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From the lettuce fields of California to the steaming Congo of Africa may seem an unusual route to professorship of American Literature at Harvard, but for Perry Gilbert eddy Miller, these are just two ordinary contrasts in a most extraordinary career. One-time hobo, actor, and liberator of Paris, Miller is now a genial and unorthodox expert on the puritan orthodoxy in America, a man who follows Ted Williams' batting averages almost as closely as he scrutinizes Jonathan Edwards' theology.
A major crisis in Miller's life that accounts for many of the contrasts in his personality occurred in dizzy, post-war Chicago of 1922. Surrounded by veterans boating of their European exploits, the seventeen year old freshman at the University of Chicago "felt cheated and born too late. I had missed the war, and I guess I had a kind of blow-up in the spring, so I took to the road. I left home, and when I got back in 1926, I still had ten dollars."
Broadway and Lettuce Fields
Miller lived fully for those four years. He "kicked around some out West," managed to get himself jailed for vagrancy, worked in lettuce fields, and even acted in Broadway productions of Walter Hampden (Cyrano) and Sothern and Marlowe's Shakespeare troupe. At times, his ten dollars dwindled low, but at other times he made money-lots of money-writing for cheap magazines. "I had a perfect formula that worked while I stuck with it," he gleefully relates. "I used to go to the New York Library and read the cheap stories of 1900. Then I would rewrite them-adding more sex and putting automobiles in place of carriages. But I got bored with such stuff, and the formula failed me."
When plagiarizing failed to please, Miller found a job on a tramp freighter headed for the west coast of Africa. He went up the Congo and into the darkness with a heart more interested in adventure than introspection, but after ferrying oil drums up and down for a while, he suddenly realized what he ought to be doing. "I had a vision in the solitude of the Congo," he explains. "The idea of studying American civilization dawned on me, for I saw what America Meant in the world-power. That power needed expounding."
These unpuritanical beginnings have made Miller's later study of Puritanism appear more a matter of scholarship than character. As he laughingly explains, "The Puritans wouldn't approve of the life I led then, and I'm sure they wouldn't approve of the life I'm leading now. The fact that I like a cocktail before dinner doesn't make me respect Jonathan Edwards any less. I can respect him without accepting his theology, can't I?
Miller's interest in Puritanism began largely by accident. As he says, he had been "too busy living to do much reading" on his journeys, but back at Chicago the scholarly Odysseus struck out of an experimental study of America history, literature, and philosophy. "I wanted to start at the beginning," he says, "and I didn't get any further for a long time." It is no wonder that he is just now getting to his chief interest-the nineteenth century-for he spent years reading every available Puritan sermon.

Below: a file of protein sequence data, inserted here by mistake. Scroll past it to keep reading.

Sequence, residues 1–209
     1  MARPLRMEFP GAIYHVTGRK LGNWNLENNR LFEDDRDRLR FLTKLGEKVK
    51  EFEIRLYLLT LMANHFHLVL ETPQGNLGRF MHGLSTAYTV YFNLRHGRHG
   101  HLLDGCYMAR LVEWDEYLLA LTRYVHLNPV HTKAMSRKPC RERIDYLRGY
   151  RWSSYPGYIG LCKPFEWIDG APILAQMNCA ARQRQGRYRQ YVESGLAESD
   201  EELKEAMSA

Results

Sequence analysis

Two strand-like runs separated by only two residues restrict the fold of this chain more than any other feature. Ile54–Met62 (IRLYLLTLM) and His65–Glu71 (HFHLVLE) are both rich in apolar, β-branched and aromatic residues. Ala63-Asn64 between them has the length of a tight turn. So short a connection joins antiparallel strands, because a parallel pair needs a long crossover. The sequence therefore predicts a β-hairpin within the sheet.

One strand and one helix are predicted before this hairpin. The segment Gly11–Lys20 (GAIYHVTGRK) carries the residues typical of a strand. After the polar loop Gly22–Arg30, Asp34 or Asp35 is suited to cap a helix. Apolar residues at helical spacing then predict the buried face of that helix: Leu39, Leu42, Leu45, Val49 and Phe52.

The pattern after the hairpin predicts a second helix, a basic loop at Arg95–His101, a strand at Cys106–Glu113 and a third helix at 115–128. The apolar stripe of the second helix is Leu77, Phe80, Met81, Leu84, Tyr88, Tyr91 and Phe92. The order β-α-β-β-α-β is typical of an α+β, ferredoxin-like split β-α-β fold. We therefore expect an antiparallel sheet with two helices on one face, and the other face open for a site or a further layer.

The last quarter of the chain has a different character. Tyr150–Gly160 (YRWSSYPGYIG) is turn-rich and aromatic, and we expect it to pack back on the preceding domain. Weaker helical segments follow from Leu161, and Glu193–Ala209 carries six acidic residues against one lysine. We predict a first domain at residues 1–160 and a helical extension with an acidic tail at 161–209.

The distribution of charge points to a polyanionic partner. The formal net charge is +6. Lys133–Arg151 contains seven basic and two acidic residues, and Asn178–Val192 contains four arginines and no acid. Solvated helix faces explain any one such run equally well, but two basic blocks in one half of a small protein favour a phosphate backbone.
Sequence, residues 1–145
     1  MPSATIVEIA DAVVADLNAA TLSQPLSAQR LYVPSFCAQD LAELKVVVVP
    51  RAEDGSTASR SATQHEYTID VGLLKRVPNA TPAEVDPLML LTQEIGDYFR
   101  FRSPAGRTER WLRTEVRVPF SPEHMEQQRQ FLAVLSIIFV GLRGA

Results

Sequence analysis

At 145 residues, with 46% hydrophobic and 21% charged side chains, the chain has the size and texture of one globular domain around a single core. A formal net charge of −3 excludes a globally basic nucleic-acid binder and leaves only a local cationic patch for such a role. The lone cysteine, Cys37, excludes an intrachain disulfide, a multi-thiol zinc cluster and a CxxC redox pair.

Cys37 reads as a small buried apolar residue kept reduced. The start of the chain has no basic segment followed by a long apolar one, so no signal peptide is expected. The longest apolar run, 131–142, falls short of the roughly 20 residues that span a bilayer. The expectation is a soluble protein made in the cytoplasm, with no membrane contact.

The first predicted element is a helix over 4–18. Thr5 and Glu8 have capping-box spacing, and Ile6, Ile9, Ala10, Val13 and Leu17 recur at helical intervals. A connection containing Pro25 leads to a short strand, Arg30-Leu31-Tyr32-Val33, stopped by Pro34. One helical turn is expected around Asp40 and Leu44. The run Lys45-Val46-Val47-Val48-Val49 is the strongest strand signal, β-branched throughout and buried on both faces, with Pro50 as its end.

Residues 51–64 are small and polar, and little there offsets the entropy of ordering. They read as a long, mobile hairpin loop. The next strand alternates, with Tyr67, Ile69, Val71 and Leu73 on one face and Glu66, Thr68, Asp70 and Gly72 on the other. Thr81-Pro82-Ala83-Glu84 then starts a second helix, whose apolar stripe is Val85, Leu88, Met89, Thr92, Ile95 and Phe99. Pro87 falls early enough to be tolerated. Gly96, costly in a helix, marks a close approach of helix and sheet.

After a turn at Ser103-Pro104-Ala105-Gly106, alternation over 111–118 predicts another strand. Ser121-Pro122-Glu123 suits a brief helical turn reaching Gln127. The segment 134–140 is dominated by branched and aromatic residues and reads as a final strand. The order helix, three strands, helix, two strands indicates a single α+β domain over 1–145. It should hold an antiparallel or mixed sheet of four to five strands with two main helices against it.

Ph.D. Union Cards
Miller does not always preach what he practices, for such outstanding scholarship-which brought him to Harvard in 1931-is not what he recommends to graduate students. Speaking of theses as "mere Ph.D. union cards," he urges his students to "get the thing over with in a hurry." Yet graduate researchers confess that anyone who tries to study that way under Miller is bound to run into trouble. For easy-talking Miller cannot tolerate haphazard scholarship.
Miller, in his green checked jacket and yellow necktie, has also freed theology from its traditional dullness. On a wager with Professor harry Levin in the late 1940's, Miller began and undergraduate course on Christian theologians. He and his class discuss men from Augustine to Kicrkegard, but hardly in the usual way. To illustrate the meaning of the essence of God, Miller drew not on books but on baseball, and to show relative good and evil, the red Sox and the yankees were his illustrations.
But the professor is more than a liberator of literature and theology; he also "liberated" Paris and Strasbourg in World War H. In combat psychological warfare, Miller had to advance to crucial points in the front lines and answer German bullets with broadcasts asking the enemy to surrender. He proudly relates that on August 25, 1944. "I liberated Paris. I was the second person into the city, right behind General Leclere. It was a wonderful day--fighting and drinking and reveling in the streets. You would shoot at Germans and then step back into a doorway and kiss a pretty girl. Men were dying all around me covered with lip rouge all over their faces from so much kissing."
Beneath Miller's jovial tone, it is not difficult to sense the horror that he saw in the war. When he was in Japan in 1952 for a summer seminar, he recalls the "moving and pathetic" there days at Hiroshima. "It was hard explaining," he recalls, "why you take their guns and ships and tanks away and then five years later you urge them to rearm. It just seemed inconsistent." Perhaps he was thinking of this paradox when he later wrote for The Atlantic: ". . . vast segments of our people are . . . devouring treatises on peace of mind, when everbody knows there is no peace."
Jovial, yet profoundly serious, Perry Miller is a man of contrasts. Still the actor--he is narrating a program on WGBH; still the wanderer--he was at the Institute of Advance Study at Princeton last year, where he met and admired Dr. J. Robert Oppenheimer; still the liberator and still the scholar, the tall, white-haired, intense professor, is more than anything else, a happy Puritan.
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